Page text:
I think it will weaken but not kill Twitter. I joined Threads because I wanted better integration between Twitter and Instagram and now Threads offers that. But I think for many others the motivation is either ideological or because they see Twitter’s user experience declining. If Twitter continues hindering the user experience, either by aggressively pushing subscriptions or capping the amount of tweets you can see, I think Threads could prevail as the dominant platform.
But my pessimistic hypothesis — and I hope this doesn’t happen — is that people will begin to see Twitter vs. Threads as a statement about their political identity. And to the extent that politically right-leaning individuals are more drawn to Twitter and see it as a place more amenable to their worldviews, I don’t see that platform dying. The struggle for Twitter, I think, is that Instagram doesn’t feel partisan. So I think Threads is well-situated to capture a broad, politically well-rounded audience. For now, I’m staying on both platforms. But realistically, it would be a lot easier to just be on one.
Justin Baragona, media reporter at The Daily Beast
Hard to say. Seems simultaneously chaotic and boring, if that even makes sense. Your feed is basically just whoever you follow and what they post, but also the major brands that Threads wants to highlight, I guess? Therefore, most of the stuff I see is just corporate branding and whatever influencers think will get the most engagement.
Do you plan to be active on it?
Who knows. Maybe? Guess it all depends on what the next few days bring. Feels like we’ve been down this road many times before with other Twitter clones.
I think the biggest threat to Twitter right now is Twitter itself, and whether it can even remain operational. That said, Threads is already tied to a major social media platform and has the financing and infrastructure in place that other wannabe rivals have lacked. In my opinion, it all depends on how bad Twitter really gets — in usability and content — and if users warm up to this latest thing.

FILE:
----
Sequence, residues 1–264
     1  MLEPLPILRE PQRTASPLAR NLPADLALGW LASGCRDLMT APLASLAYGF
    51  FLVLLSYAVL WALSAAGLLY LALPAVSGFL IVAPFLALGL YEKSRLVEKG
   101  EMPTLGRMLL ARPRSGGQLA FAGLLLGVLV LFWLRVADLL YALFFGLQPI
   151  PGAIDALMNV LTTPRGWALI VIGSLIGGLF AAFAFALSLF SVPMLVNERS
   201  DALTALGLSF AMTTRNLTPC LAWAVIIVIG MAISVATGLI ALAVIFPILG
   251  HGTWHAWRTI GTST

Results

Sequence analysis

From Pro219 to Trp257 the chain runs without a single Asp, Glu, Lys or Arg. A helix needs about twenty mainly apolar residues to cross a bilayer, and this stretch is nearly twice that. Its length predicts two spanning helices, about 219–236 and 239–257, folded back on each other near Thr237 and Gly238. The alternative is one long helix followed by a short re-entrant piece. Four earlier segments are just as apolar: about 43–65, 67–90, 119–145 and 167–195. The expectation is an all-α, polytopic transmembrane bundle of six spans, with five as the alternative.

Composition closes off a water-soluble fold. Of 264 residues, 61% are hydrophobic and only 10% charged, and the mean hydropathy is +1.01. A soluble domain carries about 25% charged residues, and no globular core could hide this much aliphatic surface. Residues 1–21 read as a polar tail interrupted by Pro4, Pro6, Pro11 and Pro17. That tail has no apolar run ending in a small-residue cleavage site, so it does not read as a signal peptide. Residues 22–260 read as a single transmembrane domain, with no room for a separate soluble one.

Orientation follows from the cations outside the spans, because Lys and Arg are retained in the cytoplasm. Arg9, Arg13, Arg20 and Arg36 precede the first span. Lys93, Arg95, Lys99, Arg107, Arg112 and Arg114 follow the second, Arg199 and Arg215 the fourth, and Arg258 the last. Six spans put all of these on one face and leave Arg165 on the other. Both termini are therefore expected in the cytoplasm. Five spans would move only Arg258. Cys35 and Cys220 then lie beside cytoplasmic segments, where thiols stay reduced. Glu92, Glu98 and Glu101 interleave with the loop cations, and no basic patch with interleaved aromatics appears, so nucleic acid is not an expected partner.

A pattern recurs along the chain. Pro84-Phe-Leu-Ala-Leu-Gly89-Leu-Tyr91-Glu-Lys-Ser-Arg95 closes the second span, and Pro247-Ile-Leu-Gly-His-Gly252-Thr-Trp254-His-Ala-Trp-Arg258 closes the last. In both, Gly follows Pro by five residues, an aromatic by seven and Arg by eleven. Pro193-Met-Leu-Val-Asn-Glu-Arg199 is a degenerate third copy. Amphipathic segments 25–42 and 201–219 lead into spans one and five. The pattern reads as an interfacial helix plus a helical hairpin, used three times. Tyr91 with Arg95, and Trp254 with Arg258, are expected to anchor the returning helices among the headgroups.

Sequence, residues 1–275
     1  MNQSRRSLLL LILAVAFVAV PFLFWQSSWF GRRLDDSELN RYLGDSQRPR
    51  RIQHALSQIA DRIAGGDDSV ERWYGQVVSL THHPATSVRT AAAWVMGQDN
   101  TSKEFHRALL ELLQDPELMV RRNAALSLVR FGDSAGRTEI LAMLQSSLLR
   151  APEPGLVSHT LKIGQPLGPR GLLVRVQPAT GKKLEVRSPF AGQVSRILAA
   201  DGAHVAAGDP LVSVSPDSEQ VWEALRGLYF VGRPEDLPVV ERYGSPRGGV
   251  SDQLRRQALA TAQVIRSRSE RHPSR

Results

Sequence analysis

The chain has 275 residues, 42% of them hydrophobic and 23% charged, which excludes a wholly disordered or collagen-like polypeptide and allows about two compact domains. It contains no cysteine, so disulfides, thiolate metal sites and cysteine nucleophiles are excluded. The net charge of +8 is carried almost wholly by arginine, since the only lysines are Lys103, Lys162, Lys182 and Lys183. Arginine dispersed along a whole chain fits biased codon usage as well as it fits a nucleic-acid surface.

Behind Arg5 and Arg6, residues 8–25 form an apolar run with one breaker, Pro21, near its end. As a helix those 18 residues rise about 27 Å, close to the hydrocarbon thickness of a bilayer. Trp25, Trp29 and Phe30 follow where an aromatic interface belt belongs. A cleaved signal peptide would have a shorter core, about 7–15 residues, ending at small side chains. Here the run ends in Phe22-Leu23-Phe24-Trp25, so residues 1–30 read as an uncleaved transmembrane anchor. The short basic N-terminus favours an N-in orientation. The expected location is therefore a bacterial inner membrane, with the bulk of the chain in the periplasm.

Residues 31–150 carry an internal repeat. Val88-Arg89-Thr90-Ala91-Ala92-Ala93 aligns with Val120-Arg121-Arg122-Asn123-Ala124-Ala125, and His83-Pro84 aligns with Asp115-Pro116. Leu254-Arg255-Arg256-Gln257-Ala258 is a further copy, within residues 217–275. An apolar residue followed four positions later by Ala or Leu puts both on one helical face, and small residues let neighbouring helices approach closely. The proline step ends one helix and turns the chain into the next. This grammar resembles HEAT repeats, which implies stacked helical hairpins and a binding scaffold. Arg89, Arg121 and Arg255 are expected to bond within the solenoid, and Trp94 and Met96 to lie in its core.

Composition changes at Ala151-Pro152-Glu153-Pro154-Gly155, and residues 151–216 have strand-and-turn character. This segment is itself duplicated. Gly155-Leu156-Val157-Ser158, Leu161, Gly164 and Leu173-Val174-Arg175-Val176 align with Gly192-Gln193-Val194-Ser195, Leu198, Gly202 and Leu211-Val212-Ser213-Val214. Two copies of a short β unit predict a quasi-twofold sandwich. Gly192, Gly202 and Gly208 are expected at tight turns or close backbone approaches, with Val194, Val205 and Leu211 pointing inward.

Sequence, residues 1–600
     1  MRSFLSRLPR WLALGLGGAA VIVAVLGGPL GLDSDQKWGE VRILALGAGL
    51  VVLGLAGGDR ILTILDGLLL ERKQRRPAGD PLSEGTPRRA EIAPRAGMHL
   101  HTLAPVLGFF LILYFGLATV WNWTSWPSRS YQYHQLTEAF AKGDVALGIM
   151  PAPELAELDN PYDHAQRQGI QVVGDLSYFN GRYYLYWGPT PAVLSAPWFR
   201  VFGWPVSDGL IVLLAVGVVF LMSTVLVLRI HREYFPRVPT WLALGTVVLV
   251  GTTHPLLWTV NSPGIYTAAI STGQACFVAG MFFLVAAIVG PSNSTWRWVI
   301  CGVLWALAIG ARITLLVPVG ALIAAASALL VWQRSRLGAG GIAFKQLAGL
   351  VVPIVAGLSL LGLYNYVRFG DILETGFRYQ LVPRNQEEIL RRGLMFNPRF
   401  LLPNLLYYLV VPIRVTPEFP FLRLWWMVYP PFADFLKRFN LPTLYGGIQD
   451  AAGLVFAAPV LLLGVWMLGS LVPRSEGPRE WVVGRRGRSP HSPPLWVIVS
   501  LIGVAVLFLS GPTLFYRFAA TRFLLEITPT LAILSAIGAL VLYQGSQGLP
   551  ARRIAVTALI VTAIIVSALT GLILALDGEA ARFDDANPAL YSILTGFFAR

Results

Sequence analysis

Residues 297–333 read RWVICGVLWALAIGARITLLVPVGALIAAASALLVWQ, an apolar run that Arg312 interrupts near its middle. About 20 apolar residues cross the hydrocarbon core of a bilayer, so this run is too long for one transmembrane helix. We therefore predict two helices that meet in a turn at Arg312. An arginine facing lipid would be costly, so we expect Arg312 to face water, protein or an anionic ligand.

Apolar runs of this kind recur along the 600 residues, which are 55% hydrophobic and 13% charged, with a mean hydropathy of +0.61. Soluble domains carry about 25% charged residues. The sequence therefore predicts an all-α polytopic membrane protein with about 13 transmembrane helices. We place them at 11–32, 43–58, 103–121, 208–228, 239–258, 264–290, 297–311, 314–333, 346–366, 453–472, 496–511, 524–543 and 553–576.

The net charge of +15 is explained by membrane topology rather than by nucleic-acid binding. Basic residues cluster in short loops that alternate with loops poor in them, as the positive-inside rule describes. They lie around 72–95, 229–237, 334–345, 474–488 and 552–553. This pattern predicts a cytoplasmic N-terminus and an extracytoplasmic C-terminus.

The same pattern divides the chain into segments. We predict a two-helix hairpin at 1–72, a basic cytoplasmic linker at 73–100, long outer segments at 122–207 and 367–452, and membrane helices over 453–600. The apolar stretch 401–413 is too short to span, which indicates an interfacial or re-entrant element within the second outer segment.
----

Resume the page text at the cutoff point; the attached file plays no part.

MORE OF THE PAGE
Adriana Lacy, journalist and audience engagement consultant
I haven’t seen this amount of publishers jump to a platform this quickly and this early. I know a few publishers experimented with Post and Mastodon but there really wasn’t a large influx there. This is really one publishers are seeing a lot of value in.
Every client I’ve worked with has asked me to make a Threads account for them, which I’ve done. I really plan to use it a lot like Twitter, but I think I might lean into visuals a bit more. Something that struck me is how great the video and image quality is, which I think has a lot to do with a lot of it being kind of brought in from Instagram, and I think there’s really a lot of opportunities to kind of elevate storytelling with some really strong visuals on that platform. And more character count is great for sharing stories and things and having the link not count as character text, which I think is something that publishers will really like.
I don’t like to predict the future, but I’m feeling pretty good about this one. I think people were all getting really frustrated with Twitter. Their decisions to cut off third-party data sources and the rate limits to see tweets or things that people really are not happy with. And I think that being able to pivot to a platform where you don’t have to start from nothing to build your following is something that I think people really appreciate.